ID my Glass Bowl

I purchased a cute little glass candy dish at a consignment store today. I will love it even if it’s not an antique collectible, because the colors are vibrant and the pattern compelling. However, I would like to know what it is. It was labelled “carnival glass” but I’ve since determined that carnival glass is ALWAYS iridescent and this is not. It’s a thick, footed bowl, made of pressed or poured glass with a color change from leafy green at the bottom to yellow at the edge. The pattern looks very similar to many of the geometric carnival glass patterns, so I can see where they’re getting that.

I found one on ebay that looks like the exact same bowl:
Unfortunately, ebay person doesn’t seem to know much about theirs. Mine is in better condition, with no cracks and only a very little flaking on the bottom of the feet. It looks too uneven and worn to be a recent reproduction, but who knows. Any thoughts?

Are there any markings on it at all?

When you look down at it, does it look anything like:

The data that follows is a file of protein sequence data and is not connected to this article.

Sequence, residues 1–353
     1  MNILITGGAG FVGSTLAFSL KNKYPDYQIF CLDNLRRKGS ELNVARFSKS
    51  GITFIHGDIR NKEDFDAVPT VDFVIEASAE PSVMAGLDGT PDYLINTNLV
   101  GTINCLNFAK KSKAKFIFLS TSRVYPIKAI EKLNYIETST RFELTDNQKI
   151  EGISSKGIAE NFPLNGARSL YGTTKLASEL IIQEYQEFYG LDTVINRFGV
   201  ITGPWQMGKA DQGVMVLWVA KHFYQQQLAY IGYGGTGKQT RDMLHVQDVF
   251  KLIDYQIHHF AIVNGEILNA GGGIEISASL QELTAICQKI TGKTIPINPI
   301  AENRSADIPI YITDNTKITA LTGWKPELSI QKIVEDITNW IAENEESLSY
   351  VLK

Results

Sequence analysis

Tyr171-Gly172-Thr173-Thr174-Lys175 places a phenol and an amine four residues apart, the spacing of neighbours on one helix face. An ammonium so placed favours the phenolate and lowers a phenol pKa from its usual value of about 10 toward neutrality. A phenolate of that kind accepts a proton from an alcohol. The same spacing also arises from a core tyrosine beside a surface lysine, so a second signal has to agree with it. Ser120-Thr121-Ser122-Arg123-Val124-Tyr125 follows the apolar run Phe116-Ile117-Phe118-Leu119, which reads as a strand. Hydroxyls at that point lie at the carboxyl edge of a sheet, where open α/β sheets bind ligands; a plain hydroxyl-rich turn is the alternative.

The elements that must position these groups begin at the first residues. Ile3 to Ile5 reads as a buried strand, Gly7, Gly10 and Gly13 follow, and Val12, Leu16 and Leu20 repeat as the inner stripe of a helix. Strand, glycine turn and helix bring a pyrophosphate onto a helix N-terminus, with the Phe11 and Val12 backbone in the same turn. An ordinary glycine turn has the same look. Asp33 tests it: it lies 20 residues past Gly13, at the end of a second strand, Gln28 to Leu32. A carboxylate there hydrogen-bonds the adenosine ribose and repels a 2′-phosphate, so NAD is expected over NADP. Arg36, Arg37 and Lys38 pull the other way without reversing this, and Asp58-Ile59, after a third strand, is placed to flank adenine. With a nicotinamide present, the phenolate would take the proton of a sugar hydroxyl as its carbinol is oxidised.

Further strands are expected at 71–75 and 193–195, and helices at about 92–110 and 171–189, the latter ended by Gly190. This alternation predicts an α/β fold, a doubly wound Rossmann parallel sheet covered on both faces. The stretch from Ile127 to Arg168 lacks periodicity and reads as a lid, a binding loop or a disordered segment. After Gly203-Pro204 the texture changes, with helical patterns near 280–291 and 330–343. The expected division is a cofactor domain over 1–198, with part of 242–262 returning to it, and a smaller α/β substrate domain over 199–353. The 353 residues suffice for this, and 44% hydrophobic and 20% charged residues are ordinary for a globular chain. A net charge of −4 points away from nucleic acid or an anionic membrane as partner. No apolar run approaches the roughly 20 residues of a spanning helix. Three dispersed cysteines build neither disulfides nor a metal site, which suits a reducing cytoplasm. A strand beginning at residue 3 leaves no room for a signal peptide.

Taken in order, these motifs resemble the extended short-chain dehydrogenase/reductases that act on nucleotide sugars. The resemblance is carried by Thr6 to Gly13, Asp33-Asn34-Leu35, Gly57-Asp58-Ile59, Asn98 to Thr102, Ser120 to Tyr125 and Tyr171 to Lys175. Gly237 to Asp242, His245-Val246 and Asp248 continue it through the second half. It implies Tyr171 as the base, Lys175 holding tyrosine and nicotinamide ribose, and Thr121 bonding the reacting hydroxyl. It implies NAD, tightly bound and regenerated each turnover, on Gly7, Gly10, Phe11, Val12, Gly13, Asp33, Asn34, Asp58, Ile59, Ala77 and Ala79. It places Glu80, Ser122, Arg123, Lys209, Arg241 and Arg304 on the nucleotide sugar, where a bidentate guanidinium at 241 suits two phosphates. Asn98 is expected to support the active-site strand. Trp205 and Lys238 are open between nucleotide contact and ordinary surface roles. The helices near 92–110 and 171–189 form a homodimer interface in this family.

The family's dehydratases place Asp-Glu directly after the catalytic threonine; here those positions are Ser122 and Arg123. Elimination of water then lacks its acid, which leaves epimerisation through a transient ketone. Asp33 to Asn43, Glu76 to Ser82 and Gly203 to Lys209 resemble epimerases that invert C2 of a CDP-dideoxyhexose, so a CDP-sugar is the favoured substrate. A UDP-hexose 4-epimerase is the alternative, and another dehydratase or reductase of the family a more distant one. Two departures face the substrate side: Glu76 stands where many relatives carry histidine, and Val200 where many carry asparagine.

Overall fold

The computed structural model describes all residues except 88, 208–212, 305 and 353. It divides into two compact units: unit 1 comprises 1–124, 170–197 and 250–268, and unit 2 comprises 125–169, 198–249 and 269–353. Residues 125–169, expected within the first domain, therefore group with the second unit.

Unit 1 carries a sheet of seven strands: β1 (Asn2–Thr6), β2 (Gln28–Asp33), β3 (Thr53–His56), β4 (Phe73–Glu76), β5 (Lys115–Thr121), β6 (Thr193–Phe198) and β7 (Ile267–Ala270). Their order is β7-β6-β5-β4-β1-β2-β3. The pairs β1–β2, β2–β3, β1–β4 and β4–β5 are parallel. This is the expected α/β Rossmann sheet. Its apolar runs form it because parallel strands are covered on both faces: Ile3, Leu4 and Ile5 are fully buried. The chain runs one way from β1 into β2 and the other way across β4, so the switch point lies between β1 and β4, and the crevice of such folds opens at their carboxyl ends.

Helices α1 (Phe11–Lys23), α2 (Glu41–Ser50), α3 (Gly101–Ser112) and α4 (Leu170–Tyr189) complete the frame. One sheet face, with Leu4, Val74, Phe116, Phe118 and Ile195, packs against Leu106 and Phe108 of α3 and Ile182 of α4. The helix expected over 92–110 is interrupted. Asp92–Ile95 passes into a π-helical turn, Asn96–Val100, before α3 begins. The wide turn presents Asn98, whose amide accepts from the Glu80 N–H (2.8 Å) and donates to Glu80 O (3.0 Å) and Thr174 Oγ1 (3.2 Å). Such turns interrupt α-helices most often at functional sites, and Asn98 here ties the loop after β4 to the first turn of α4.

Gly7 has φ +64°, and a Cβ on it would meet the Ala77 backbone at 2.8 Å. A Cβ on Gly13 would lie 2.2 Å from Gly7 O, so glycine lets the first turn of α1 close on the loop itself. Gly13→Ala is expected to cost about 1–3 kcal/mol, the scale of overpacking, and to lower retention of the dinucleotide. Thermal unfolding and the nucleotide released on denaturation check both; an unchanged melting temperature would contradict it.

Here’s a place where you can submit a picture for ID:

It’s called carnival glass as a genre; I can’t get anymore specific than that. My in-laws collect and deal in the stuff, so I’ll see if I can get one of them to identify it further.

The way the colors flow together reminds me of Westmoreland Glass and some of the other Western PA glass I’ve seen.

See if you can find something with a blue LED in it and shine it on the glass - if it fluoresces light green, it’s uranium glass.

Does it have a visible ‘seam’ running across it (the base is the best place to look) - if so, it’s pressed in a mould. Otherwise it could be cut glass (usually more valuable than pressed)

My MiL finally replied to my e-mail. Here is what she said:

Carnival glass gets it’s name from it’s origin, it was cheaply made back in the early to mid 20th century and was often found at carnivals. Toss a coin into the dish or bowl and it was yours. A cheap molding process developed in the late 1800’s made all this possible. The bowl the OP has does appear to be typical carnival glass, not the cheap post war glass with the spray on colors.

A lot of glassware made in the same time period as carnival glass is called depression era glass. It is generally considered to be of better quality and was often hand made, companies could hire workers for next to nothing and crank out glass items at a competitive price. You often see this as vases and other items that cannot be molded.

The glass that glows under an ultra violet light is called Vaseline glass. Uranium oxide was used to color the glass, the irredescence was just a side product. It was banned in the 1940’s, it was thought to be dangerous. Recently there has been a bunch of Vaseline glass imported from China. It is made with a very low radioactive material.